“Pray that the stories, names, characters and incidents portrayed in this comic are untrue” says the knowing subversion of the traditional opening disclaimer in Strip for Me’s latest A Pocket Chiller. It’s a cute wink at the reader in one of the range’s most playful issues to date. This time around artist Mark Stafford (The Man Who Laughs, The Bad, Bad Place) makes his A Pocket Chiller debut alongside writer and publisher Douglas Noble in Ripple in the Dark, the thirteenth issue of the digital one-shot horror stories series.
A lone sailor in a row boat encounters former girl detective April Mae, submerged in the expanse of flood water he is attempting to navigate. With only her head bobbing above the surface she starts to tell him about her life as one of the Everything Agency, a trio of 8-year-old investigators. Their cases were many and varied and included ‘The Case of the Blushing Hair’, ‘The Invisible Friend of Tobermory Jackson’, and ‘The Girl with the Hundred-Mile Eyes’.
But tragedy struck when her colleagues drowned in unusual circumstances. After time in a sanatorium she gradually returned to her vocation but the question remains… how did she end up immersed in the water and what is the truth behind the connective patterns she sees in everything?
Mark Stafford has a visual style that is bound up in contradictions. It’s strangely appealing, to a point almost endearingly morbid, but also captivatingly grotesque and delivered with a jauntiness that is unsettling given the comic’s casual horror. It’s a perfect complement then to the ever poetic prose of Douglas Noble with its hints of otherworldly terror and frequent unceremonious placement of the horrific in the everyday. Stafford’s shifting but monochromatic use of colour in Ripple in the Dark also ably emphasises the stark weirdness of April’s world and its inhabitants.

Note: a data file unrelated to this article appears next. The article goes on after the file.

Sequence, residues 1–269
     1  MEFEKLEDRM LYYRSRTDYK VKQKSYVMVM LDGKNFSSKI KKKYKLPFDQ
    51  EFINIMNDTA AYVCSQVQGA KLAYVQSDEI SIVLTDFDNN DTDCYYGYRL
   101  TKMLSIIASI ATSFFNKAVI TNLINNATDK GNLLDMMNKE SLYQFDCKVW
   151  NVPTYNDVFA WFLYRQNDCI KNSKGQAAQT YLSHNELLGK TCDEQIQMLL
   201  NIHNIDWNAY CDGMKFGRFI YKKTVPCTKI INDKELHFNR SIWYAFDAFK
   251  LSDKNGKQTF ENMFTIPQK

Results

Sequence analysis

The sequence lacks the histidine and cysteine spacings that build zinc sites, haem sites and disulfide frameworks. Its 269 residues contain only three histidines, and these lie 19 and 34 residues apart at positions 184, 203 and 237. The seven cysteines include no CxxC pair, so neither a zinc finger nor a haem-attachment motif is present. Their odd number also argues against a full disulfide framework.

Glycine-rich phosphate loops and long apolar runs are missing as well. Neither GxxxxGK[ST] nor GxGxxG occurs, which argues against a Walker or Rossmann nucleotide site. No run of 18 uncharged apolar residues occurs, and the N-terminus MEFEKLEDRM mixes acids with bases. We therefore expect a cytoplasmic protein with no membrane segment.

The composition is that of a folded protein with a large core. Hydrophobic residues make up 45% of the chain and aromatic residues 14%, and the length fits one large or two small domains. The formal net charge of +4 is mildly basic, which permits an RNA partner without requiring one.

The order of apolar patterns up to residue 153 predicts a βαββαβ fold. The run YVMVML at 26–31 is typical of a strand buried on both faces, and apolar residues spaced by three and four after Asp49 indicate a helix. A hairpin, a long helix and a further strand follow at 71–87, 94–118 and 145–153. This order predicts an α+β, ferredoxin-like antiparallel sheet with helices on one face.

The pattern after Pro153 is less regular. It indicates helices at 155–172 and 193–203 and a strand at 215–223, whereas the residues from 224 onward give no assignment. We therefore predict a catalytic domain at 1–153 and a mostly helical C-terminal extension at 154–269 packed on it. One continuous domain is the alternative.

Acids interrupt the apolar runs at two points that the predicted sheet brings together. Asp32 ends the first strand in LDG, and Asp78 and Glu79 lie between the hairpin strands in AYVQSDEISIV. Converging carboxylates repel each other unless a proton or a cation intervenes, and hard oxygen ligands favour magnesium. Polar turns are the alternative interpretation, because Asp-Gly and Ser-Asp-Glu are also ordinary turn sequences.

Ripple in the Dark is about connections, consequences and how all stories are influenced by each other. Or at least that’s what I took from it. That’s one of the most appealing elements of much of Noble’s writing – the reader is continually invited to find their own truths in its pages. I would say that this is an excellent entry point into the A Pocket Chiller range but the truth is that their standalone nature and consistently strong experimental approach makes every single issue a perfect introduction to the line.
Douglas Noble (W), Mark Stafford (A), • Strip for Me, £2.39
Review by Andy Oliver